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As transition nears, Afghan military training stepped up

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As transition nears, Afghan military training stepped up

  • Afghan army recruits at basic training in Patktika province.
    French army photoAfghan army recruits at basic training in Patktika province.

KABUL — Some say that, after Gen. David Petraeus, he is the second most important American in Afghanistan. Secretary of Defense Robert Gates said the work he does is "our ticket out."

He is Gen. William Caldwell, commander of the NATO Training Mission in Afghanistan, and the Combined Security Transition Command in Afghanistan.

The buzzword around Kabul these days is "transition," meaning the gradual transfer of security for this country away from NATO to the Afghan National Army and police.

Transition will be the theme of the NATO summit in Lisbon later this month.

Caldwell is of medium height, slim and taut. I met him and his staff at Camp Eggers, a heavily fortified and bunkered rabbit warren in the heart of Kabul, even more confusing to a visitor than Baghdad's Green Zone.

Caldwell arrived a year ago this November, and as far as those trying to mold a new national army and police are concerned, year zero began when Caldwell's command was formed. He is the first three-star to be in charge of training, an illustration of how the mission has been upgraded in importance.

In 2003, however, I was taken to see the training of Afghan soldiers here, and was told that a competent Afghan army would be up and running in five years. That was seven years ago. What went wrong?

The answer is twofold. One, the Afghans were under-funded and under-resourced. As the chairman of the joint chiefs, Adm. Michael Mullen has said: In Iraq, we did what we must. In Afghanistan, we did what we could.

Caldwell was shocked when he first visited an Afghan army firing range and found only one instructor for 300 recruits. Training consisted of teaching men how to load their rifles, not actually fire them. If an enlistee signed up all he had to do to graduate was show up on graduation day. In September 2009, the Afghan army lost more men to desertion than it recruited.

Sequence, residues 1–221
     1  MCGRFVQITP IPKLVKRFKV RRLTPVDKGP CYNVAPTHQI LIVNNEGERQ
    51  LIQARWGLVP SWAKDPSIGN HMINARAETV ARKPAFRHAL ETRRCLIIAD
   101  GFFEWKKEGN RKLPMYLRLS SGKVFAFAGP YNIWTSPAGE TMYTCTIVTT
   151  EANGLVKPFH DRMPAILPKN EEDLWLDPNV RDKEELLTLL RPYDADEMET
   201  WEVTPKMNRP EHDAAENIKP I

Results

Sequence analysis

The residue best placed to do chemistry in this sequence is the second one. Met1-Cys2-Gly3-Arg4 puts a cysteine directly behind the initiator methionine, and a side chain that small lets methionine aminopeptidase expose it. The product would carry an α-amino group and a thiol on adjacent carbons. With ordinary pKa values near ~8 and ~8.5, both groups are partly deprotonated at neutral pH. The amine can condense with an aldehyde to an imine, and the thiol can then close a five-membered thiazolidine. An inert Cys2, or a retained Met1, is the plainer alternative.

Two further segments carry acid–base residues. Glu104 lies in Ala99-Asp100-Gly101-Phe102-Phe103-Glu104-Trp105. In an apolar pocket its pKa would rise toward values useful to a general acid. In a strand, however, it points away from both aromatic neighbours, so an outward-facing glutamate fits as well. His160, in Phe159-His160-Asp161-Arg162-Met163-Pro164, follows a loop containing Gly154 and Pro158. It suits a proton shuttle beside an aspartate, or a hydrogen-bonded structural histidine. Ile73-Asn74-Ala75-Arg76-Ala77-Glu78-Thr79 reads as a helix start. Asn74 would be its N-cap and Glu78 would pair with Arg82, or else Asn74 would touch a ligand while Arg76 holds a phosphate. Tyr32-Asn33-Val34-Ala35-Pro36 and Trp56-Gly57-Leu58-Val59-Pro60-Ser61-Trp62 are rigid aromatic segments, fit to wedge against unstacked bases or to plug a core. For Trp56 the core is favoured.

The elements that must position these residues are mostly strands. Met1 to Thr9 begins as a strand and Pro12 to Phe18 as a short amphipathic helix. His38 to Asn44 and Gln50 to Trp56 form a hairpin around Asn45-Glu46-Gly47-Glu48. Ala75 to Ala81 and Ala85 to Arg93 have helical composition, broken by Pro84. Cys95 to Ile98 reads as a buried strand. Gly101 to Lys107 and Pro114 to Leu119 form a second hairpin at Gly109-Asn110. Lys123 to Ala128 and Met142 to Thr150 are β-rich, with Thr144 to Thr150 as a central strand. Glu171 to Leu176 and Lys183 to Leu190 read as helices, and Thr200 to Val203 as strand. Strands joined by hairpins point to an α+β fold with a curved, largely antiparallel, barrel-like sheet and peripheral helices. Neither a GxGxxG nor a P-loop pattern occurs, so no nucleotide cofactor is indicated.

The second explanation was that we did not foresee the reemergence of the Taliban back in 2003. We underestimated the number of soldiers we would need. I put it to the general that this was shocking in itself, as it was clear in 2003 that the insurgency was gaining strength in the south. He could only shrug.

That being said, the results of Caldwell's new regime are impressive. It seems that the command has now got the money it needs, and is introducing the necessary organizational skills. Desertions are down and a proper leave policy has been put into effect. Before, leave was withheld because the command knew that soldiers would never come back from leave.

Five years ago, in Baghdad, I spoke with those in charge of creating a new Iraqi army. They said that no matter how well they trained a man, it would come to naught if their leaders were corrupt, or if the government fell apart along sectarian lines. The same could be true in Afghanistan. If an efficient and effective Afghan government, a prerequisite for a successful insurgency, is found lacking, then even the best army training will not produce success.

The new Afghan army works very hard at creating an ethnic balance between Uzbeks, Tajiks, Hazaras and the rest of the old Northern Alliance together with the Pashtuns. But Caldwell admitted that very few Pashtuns in the new army come from the south — Taliban country — and the Pashtuns of the south used to make up the backbone of the officer corps.

"You cannot overestimate the importance of literacy," said President Barack Obama's special representative to the region, Richard Holbrooke, a big admirer of Caldwell. Before literacy training was only optional. Now it is mandatory, even if it is only a first grade level of literacy.

Another deficiency is well-trained, non-commissioned officers, the back-bone of any army. The training of good sergeants has become a priority.

Russian equipment, especially Russian helicopters, are used because they are less complicated and easier to repair than our own. Caldwell's staff, however, told me that there was pressure from Congress to buy American arms and equipment. This is all very well for congressmen trying to promote jobs in their districts, but it is short-sighted and counter-productive to the war effort out here.

I asked if dividing the training between separate NATO countries wasn't confusing? Wouldn't one training style be better? Caldwell said that there were some areas in which Americans hadn't the necessary knowledge. For example, Czechs and Hungarians still flew Russian designed helicopters, and are better at teaching Afghans to fly them then we are.

Also, Americans have no experience with a national police force, but Italy does and the Italians were very effective trainers, Caldwell said.

All the statistics may point to a new and better trained Afghan army than before, but in the end everything will depend on whether the army we are training, like President Hamid Karzai himself, is seen to be a true Afghan national force, or just another set of foreign puppets. Afghan history has not been kind to the latter, but that, alas, is beyond the control of Gen. Caldwell and his dedicated staff.

This article originally appeared on GlobalPost.

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